Meet Lynn Mackey, Superintendent of Schools for 
Contra Costa County

02dafcb669a25987a137e10515b496e1.jpgQ: When did you decide you wanted to become a teacher?
LM: I never thought about being a teacher before I became a teacher. I had volunteered at our county jail when I was in college. When I graduated, I needed a job, and someone at the jail let me know about a part-time job teaching Adult Basic Skills at the jail. I applied for the job, signed up for a credential program and fell in love with the work. I have been in education ever since. 

Q: Tell us how you transitioned from teaching in the classroom to an administrative role?
LM: My principal, Kathy Block-Brown encouraged me to go into school administration. I was always volunteering for extra projects and getting involved with committees. I was incredulous when she first suggested it; I did not see myself as the school administrator type.  

Q: What's the toughest part of your job?
LM: I don't know yet. Give me a year and then ask me again. Although I have been part of the County Office of Education for over 20 years, the role of county superintendent is very new - Right now, I don't know what I don't know. That is the hardest part. Also, that there are only 24 hours in a day. ☺

Q: It’s your belief that every child deserves the opportunity to succeed and be prepared for college, career and life. As a newly elected Superintendent, what steps will you take to see this is accomplished?
LM: In the programs that I have the honor of being directly involved with, (i.e., the schools for incarcerated youth and adults, expelled students, CTE/ROP, and special education), I will work to ensure that we have a curriculum that is relevant, rigorous and culturally appropriate so that we can engage students who haven't had a good experience in school. I will support our amazing teachers who bring heart and expertise to their work, and I will continue to hire and train the best staff possible. There is sometimes a misconception that if a student is in an alternative program that we need to lower our standards and expectations, and that they will not be successful in life. As a former student in our programs, I can serve as a role model, an example and a reminder that with the right support and education, anyone can be successful. At the same time, I will provide the best support, guidance and professional development opportunities possible for the 18 school districts in our county - they are doing the work with the vast majority of students in our county.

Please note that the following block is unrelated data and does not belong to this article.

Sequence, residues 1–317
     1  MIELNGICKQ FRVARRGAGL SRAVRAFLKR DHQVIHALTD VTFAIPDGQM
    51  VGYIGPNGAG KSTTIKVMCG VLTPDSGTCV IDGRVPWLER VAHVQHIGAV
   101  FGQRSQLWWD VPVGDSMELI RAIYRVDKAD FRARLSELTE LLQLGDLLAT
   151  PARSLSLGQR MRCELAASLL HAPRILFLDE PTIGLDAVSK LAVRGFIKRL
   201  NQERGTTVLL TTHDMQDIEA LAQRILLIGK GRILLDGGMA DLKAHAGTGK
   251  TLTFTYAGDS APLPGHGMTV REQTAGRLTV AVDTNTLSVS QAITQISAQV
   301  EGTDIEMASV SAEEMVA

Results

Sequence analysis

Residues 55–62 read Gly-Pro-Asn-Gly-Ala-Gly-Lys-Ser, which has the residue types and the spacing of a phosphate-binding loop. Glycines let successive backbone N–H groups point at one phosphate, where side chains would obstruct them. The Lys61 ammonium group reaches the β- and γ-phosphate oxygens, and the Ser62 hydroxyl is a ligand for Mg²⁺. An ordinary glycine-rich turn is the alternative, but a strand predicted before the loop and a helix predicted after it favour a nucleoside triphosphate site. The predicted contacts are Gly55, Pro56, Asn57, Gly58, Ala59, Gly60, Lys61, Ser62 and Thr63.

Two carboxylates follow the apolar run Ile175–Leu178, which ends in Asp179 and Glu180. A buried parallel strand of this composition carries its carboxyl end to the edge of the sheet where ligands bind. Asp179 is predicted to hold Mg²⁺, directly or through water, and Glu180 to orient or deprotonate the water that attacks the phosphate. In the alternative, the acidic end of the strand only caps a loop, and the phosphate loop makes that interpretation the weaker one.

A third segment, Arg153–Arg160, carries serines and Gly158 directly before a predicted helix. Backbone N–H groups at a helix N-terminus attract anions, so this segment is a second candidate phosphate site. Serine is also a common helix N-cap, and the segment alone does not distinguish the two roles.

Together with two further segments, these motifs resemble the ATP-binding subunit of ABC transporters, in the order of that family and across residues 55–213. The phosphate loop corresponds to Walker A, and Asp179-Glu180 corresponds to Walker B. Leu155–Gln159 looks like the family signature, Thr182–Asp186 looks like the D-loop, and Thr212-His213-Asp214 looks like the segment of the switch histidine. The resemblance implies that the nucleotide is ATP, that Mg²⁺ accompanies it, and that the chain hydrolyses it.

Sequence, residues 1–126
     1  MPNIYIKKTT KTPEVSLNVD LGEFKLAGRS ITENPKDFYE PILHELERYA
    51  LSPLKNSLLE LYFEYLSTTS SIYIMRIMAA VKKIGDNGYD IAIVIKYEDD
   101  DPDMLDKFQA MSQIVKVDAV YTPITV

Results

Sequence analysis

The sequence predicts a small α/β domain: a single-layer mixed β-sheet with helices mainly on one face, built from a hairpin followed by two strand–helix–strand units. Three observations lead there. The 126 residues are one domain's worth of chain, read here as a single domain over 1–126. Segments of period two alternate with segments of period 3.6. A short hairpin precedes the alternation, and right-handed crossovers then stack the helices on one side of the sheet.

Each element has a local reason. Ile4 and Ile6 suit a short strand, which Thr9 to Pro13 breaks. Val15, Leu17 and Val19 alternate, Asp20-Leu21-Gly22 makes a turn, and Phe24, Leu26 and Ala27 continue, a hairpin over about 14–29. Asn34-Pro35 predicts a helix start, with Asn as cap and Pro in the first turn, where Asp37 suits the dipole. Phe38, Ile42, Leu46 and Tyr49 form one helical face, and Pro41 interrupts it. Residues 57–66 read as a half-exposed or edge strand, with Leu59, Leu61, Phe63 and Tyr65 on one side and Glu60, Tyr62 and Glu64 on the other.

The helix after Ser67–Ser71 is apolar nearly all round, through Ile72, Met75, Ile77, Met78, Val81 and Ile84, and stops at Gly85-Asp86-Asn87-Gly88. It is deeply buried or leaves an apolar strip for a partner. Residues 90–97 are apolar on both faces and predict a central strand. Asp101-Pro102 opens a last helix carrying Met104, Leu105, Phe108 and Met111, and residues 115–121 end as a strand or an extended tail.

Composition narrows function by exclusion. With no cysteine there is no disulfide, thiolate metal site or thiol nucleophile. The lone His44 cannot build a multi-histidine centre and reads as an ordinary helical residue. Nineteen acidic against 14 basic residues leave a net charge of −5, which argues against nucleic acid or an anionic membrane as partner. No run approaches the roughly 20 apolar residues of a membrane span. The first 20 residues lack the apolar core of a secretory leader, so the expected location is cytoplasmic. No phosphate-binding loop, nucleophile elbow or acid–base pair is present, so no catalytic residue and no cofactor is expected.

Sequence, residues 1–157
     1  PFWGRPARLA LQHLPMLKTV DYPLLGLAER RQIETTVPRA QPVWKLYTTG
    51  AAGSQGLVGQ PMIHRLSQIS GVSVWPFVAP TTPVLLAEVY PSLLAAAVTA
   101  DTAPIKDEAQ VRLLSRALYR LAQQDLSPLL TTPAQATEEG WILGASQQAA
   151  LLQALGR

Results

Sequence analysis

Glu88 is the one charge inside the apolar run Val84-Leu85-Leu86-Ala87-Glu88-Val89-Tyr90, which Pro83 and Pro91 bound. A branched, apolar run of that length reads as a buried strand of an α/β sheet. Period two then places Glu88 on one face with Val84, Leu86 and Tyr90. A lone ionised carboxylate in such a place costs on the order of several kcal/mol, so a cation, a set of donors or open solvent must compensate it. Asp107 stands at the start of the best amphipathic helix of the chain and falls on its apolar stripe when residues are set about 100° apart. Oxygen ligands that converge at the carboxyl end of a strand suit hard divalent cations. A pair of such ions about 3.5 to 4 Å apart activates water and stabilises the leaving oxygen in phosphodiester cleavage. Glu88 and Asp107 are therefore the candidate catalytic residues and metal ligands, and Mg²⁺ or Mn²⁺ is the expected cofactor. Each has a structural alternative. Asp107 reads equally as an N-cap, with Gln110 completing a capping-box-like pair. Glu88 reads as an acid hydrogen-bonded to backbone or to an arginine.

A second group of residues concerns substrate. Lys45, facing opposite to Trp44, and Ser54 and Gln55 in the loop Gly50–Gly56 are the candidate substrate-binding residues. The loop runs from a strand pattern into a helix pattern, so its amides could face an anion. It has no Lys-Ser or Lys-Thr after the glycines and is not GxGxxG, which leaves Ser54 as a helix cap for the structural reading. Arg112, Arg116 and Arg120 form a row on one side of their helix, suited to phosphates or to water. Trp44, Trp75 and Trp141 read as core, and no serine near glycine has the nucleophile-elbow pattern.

Q: Tell us about your role as Principal of the County’s Court and Community Schools.
LM: Being a principal at our Mt. McKinley (Court) School and our Golden Gate (Community) School was one of the most rewarding opportunities I have had. These programs have a special meaning to me since I briefly attended a court school as a youth, and Golden Gate was the last school I attended before I dropped out in middle school. Both school experiences were not positive, so as a principal I wanted to ensure that the students were getting high-quality education from caring educators. I was fortunate that my predecessor was a great principal, so there was already good work going on. I helped implement a reading program and transition services, as well as A-G courses in both schools (courses needed for entrance into the UC or CSU systems). I loved the work, the immediate urgency of the work. These students need support NOW.  

Q: Can you share with our audience the work you did to be awarded Administrator of the Year in 2012 and 2018?
LM: Hard to say - I guess you would have to ask the people who nominated me ☺ I like to think that the body of work (consistently over the years) is more an indicator of an effective leader. For me, it all comes down to trust and the relationships we build with our students, our colleagues, our parents and the people we supervise.